Barely noticed by web users, the life expectancy of SSL/TLS leaf certificates has lowered dramatically over the last decade.
Used as the foundation of HTTPS authentication, just over a decade ago domain registrars were selling SSL/TLS certificates that were valid for between 8 and 10 years.
In 2011, a new body called the Certification Authority Browser Forum (CA/Browser Forum), which included all the big browser makers, decided this was too long and imposed a limit of five years.
Then, in 2015 the time limit was dropped to three years, followed by a further drop in 2018 to only two years.
How low could this go?
This week, we learned that the latest answer is one year, or 398 days including the renewal grace period, a change that will apply from 1 September 2020.
What makes this new limit noteworthy, however, is that it was reportedly announced at a CA/Browser Forum meeting by a single member, Apple, in relation to one browser, Safari.
Although not yet officially confirmed, it’s a bold move that presumably prefigures similar announcements by other big browser makers, especially Google, which has assiduously promoted the idea of a one-year limit in recent CA/Browser Forum ballots.
That browser makers were voted down might explain why Apple has decided to enforce the change unilaterally, apparently against the wishes of the Certificate Authorities (CAs) which issue certificates as a business.
The browser makers are adamant that reducing validity is good for security because it reduces the time period in which compromised or bogus certificates can be exploited.
In theory, it also makes it less likely that in future, certificates using retired encryption (certificates based on SHA-1 being a prime example) will be able to soldier on when everyone knows they are vulnerable.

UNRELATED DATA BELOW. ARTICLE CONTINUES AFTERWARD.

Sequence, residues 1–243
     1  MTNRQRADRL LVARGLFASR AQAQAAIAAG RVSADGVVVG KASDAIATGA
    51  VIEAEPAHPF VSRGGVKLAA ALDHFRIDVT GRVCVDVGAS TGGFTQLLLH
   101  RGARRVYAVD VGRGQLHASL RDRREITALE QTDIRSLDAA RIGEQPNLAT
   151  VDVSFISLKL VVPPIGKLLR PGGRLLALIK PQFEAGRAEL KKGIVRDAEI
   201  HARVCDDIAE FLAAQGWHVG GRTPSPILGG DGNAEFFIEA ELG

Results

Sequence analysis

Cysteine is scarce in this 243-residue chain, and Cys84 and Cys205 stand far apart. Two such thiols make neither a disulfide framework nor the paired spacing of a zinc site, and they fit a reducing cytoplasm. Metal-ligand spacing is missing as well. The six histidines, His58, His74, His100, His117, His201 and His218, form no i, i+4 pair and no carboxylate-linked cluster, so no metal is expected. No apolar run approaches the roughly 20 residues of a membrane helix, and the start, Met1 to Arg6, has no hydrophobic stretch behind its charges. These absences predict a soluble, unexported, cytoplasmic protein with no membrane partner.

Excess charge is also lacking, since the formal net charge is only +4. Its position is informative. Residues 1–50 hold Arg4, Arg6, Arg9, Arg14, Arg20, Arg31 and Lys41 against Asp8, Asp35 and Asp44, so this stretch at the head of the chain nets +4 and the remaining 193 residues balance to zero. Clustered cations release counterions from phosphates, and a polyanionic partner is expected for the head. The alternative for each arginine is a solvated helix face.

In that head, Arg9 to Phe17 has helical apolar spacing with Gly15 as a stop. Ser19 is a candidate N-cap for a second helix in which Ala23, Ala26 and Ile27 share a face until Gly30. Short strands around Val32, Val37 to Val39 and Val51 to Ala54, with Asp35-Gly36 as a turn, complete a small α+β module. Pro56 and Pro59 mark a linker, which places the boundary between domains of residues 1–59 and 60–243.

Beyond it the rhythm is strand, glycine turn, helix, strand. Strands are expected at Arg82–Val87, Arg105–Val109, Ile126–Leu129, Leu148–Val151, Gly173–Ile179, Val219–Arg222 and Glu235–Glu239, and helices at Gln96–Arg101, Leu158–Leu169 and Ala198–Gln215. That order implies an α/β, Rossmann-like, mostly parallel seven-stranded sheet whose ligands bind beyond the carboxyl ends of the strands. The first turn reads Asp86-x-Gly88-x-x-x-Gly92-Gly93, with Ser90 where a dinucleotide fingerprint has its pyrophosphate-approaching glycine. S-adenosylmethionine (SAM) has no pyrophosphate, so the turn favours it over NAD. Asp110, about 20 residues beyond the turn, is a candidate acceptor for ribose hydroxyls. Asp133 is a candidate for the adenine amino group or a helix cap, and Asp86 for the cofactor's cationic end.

In the real world, it’s a lot more complicated. CAs fear their customers will struggle to cope with the practical difficulties of renewing certificates – and changing the private keys used to authenticate them – more often.
Renewals can be done using automated tools, but it seems that many organisations still manage the process manually. Considering that some will have thousands of certificates to look after, doubling the frequency of renewals may well create problems that the CAs will need to take care of.
What, in practical terms, does all this mean for certificate admins and browser users?
For current certificates, not much. These will still be valid until their stated expiry date, even if that’s after 1 September 2020. After that, assuming CAs don’t stop selling the old two-year certificates, Safari users (plus users of other browsers adopting the same policy) visiting a site on which one was issued will see off-putting ‘website not secure’ warning messages.
That isn’t going to happen, of course, because the CAs know perfectly well that browser makers, the web’s gatekeepers, hold all the cards.
More likely, they’ll start offering automation of their own, multi-year plans, and discounts for organisations that sign up for longer time periods. A solution will be found that lightens the burden and stops alarming messages appearing for otherwise genuine certificates.
The question is where things go from here. If certificates are a security risk, why not move to even shorter renewal time periods that reduce the window of opportunity?
With increasing automation and adjusted business models that reduce the financial burden, it’s possible that even one year might one day sound like a long time for a certificate to remain valid. Watch that padlock.
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